Thursday, June 14, 2012

A Father's Day Poem for My Sons

Your Dad
-for Chris and Tim

My greatest joy has been
watching the two of you grow
from little boys to men
I admire and respect.

I’d like to take credit
for the men you've become,
but there's someone who
deserves it more.

Your dad—
worked twelve-hour days
six days a week
at a job he didn’t love,
but it paid the bills.

Every night he'd come home tired and dirty,
ask us about our day,
then take a quick shower
while I started dinner.

Within minutes
I'd see him playing
with his two small sons
racing Match-box cars
across the living room floor.

Dinner was always laced with laughter.
Your dad would get it going
telling some funny story about work or
poking gentle fun at one of us.
We laughed more than we chewed.

Sundays, he was behind the wheel
taking us on long drives--
back country roads to get homemade ice cream,
through the mountains to see autumn trees, or just
cruising through neighborhoods to see Christmas lights.

Your dad--
coached your Little League games,
helped with scout meetings,
and cheered you on
at karate competitions.

When you graduated from high school
college, grad school—
He was there.
He may not have said it, but
he was so proud of you.

Your dad--
taught you to drive,
helped you get your first car,
made your friends feel welcome,
and danced at your wedding.

He couldn’t buy you
everything he wanted to. 
So he gave you
everything he had.

It's no wonder
you turned out so well, and
I should have told you long ago
how thankful I am
he's your dad.


“You don't raise heroes, you raise sons. And if you treat them like sons, they'll turn out to be heroes, even if it's just in your own eyes.” ― Walter M. Schirra, Sr.




12 comments:

  1. Visitng from Teacherswrite! I have four kids under 12 and enjoyed the reminder of how great thier dad is. Thank you for sharing.

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  2. Linda, your poem made me cry. What a beautiful tribute to a man who sounds like a great dad!

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    1. Thank you, Carol. He really is a great dad and a great person. We've been divorced for many years, yet he still invites me to his annual cook-out so the boys can have spend time with both of their parents. I really appreciate that.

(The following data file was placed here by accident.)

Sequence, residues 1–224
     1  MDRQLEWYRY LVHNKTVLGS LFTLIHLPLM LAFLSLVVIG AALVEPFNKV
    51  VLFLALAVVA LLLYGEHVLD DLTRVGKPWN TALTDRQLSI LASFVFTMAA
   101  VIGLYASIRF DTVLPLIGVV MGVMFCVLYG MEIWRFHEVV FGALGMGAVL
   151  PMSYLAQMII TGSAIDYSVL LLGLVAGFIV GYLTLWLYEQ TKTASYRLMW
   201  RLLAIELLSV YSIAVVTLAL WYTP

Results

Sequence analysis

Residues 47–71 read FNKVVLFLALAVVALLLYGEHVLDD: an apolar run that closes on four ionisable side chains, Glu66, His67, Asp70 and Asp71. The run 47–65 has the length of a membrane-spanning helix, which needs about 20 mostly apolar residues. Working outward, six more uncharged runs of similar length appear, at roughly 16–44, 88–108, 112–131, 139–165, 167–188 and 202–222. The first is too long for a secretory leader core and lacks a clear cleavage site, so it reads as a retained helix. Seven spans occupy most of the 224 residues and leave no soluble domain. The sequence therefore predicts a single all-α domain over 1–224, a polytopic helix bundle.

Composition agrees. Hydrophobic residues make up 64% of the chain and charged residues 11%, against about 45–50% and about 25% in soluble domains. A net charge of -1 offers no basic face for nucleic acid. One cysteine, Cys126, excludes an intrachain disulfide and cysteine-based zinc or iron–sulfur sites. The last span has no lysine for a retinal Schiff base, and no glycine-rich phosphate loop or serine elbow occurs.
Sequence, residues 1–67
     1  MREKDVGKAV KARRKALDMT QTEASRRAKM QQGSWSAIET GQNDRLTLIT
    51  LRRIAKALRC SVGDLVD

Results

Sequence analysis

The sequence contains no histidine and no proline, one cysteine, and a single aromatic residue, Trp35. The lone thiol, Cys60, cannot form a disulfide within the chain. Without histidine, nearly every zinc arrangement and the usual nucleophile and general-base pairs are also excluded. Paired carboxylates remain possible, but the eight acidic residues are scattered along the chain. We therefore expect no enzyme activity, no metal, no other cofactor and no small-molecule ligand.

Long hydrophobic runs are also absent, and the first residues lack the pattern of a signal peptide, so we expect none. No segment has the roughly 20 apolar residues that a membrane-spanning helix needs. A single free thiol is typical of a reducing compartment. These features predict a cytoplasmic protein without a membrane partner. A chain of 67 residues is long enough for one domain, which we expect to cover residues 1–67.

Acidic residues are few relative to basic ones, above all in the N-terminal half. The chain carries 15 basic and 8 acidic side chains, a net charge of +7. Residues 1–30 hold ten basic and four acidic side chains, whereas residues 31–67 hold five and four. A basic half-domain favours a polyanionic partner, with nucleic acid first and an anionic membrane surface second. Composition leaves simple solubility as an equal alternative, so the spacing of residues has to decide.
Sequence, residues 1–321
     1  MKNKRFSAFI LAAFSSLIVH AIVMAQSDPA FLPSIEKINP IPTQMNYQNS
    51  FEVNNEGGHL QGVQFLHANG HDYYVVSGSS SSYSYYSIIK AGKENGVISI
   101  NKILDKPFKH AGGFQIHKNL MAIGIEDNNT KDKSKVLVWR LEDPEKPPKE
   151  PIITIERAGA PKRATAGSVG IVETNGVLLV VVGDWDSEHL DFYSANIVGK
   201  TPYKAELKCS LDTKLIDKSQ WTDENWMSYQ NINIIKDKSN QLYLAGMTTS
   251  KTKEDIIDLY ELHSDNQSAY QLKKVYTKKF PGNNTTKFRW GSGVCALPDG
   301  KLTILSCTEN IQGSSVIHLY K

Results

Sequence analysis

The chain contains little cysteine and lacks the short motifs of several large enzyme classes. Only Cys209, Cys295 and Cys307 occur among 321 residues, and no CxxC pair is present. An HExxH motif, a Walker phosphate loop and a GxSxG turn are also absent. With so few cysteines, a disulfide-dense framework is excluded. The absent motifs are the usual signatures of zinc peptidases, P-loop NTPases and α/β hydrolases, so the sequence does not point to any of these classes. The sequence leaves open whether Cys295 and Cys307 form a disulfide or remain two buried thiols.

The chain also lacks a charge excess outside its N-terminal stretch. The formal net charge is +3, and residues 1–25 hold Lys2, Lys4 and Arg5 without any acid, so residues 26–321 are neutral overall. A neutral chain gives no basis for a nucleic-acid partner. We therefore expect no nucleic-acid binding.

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  3. I just loved the last part:
    "He couldn’t buy you
    everything he wanted to.
    So he gave you
    everything he had."
    If only kids knew...

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    1. Hi Donna-
      He really did give everything he had to his family, and never complained about it. I think now that my sons are grown they realize how hard their dad worked. There is so much of their dad in them.

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  4. What a great father! I love the stanza Donna quoted, too. It says so much. And the quote you paired with your poem is just perfect -- icing on the cake!

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    1. Thanks, Mary Lee. I love that quote because my sons truly are my heroes in so many ways.

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  5. This is beautiful. Made me cry, too. Thank you for sharing.

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  6. Like Donna, I finally found you too, Linda. This is so beautiful, a tribute to your husband for the important things in life more than anything. Like my poem, those things mean so much to me in life. Your line "We laughed more than we chewed." says much to me. Great memories sit in those six words. Thank you for sharing.

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  7. Really lovely, Linda. In a funny way, it's even more lovely because you are divorced. Even though you are not together, you still prize what he has given your sons.

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